How long will it sit unclean? Until another cake arrives? Will it ever rejoin its mates in the credenza drawer? Will some engineer, maybe the bringer of the King cake, actually clean it as soon as the cake is gone? Only time will tell.

How Flat is Flat?

Daryl (yes, we are going to talk about Daryl again) was late coming home from Destination Imagination practice Saturday. I didn’t think too much about it until our friends showed up to play Charterstone, which is a really fun legacy board game (legacy means the rules change and the story builds each time you play). It’s a big deal and we always have a blast.

Practice was over at 12:30 and it was now almost 3:00, so I gave him a call. He was at a store with his friend Jerry. We talked for a minute and he selected 5:00 as the time that he would either be home or call me to check in.

Sometime shortly before 5:00, his truck rolled into the driveway. To my surprise, Jerry was sitting next to him. Ok, I thought. I guess he’s ok with his friend seeing this ‘nerdfest’ we have going on…

Only, they didn’t come in the house. The poor dog was going nuts with anticipation. I asked the people who could see out the window what they were doing. “They’re walking around the truck looking at it” was what I got back.

I’d finally had enough of the dog so I walked to the front door to let her out. The boys were not visible at all; but when she streaked across the driveway and around the truck, Daryl’s head popped up in surprise. I had already shut the front door so he was looking around like he couldn’t figure out where she had come from.

It looked like they were checking out the front passenger-side tire. I wondered why they weren’t coming in for help, but figured they eventually would. I sat back down at the game and when he later tried to quickly let the dog back in without coming in himself, I called out to him. “What are you doing?” I asked.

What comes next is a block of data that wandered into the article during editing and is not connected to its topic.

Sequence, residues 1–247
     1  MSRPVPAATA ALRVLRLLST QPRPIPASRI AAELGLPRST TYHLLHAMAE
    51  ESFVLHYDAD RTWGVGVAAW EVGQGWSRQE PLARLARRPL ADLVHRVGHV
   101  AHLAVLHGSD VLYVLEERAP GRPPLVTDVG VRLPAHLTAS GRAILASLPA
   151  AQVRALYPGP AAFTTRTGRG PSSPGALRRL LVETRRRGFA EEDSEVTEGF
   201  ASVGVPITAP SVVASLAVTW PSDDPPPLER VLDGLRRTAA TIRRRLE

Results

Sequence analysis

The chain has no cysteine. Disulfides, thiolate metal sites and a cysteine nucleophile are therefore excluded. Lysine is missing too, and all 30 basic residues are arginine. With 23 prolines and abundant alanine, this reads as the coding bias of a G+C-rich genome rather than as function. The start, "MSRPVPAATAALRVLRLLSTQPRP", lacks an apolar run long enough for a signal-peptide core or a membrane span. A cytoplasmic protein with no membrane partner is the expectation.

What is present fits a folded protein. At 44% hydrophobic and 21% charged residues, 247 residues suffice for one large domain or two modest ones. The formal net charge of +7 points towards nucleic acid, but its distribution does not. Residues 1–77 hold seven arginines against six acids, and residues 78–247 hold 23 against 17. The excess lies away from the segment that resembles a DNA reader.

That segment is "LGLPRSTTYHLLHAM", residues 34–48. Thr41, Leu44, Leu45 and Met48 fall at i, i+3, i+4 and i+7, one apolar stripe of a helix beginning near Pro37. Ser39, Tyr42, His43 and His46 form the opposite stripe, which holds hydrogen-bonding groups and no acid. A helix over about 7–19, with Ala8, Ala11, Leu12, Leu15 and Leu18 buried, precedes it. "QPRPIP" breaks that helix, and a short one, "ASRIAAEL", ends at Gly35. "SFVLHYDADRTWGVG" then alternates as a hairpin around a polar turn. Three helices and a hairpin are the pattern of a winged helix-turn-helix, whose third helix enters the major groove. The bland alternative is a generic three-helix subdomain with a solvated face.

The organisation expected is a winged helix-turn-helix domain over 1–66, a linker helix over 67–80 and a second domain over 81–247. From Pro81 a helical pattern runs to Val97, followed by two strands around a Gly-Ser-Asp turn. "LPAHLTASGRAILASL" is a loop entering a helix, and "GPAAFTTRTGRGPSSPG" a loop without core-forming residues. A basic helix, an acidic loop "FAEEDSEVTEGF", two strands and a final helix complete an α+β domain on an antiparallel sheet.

“Nothing. I just need to take Jerry home.”

“You aren’t going to come in and say hi?”

“No, we’re running late. We gotta go!”

“What were you doing with your tire?”

“Oh, I just needed to put some air in it.”

“Did you use a tire gauge?” my husband asked at the same time I said, “You know every gas station in town has an air pump, right?”

No, he didn’t know that he could have stopped at a gas station instead of driving out of town to our house. And, no, he didn’t have a tire gauge. He seemed flustered that he had driven home when he didn’t have to, although he soon showed that he really did, actually, need to come home. As he had no clue how much air was enough.

One of our friends stopped pouring his beer to go get Daryl one of the several tire gauges in his car. I asked Daryl if he knew how to use it. He claimed he didn’t need to use it because, and I quote, “we pushed on the tire – it’s good.”

With that, I followed him out to the truck and his waiting friend – much to his embarrassment, I’m assuming, since he asked me why I was wearing my Christmas leggings on our way out there. When I got to the truck, I showed him how to read the appropriate tire pressure inside his driver’s door. I then walked around to the passenger side, where I could see the tire sagging appreciably on the driveway.

“Daryl! There is not enough air in that tire – just look at it!”

What ensued next was some typical teenage back-and-forth on which boy had claimed what while they had tried to use the air compressor on the tire. There was so little air in it that the tire gauge didn’t actually budge. Daryl still tried to tell me it was fine.

I told him that if he drove off on that tire, there would be six very unhappy adults in there that would have to stop playing their game while his dad came to walk him through changing his tire on the side of the road. “Do. Not. Drive off, unless you can get it to 35psi.”

With that, I went back inside. My husband asked if I had checked the tire for damage. I said, “No. You should go do that. Being the tire guy and everything.”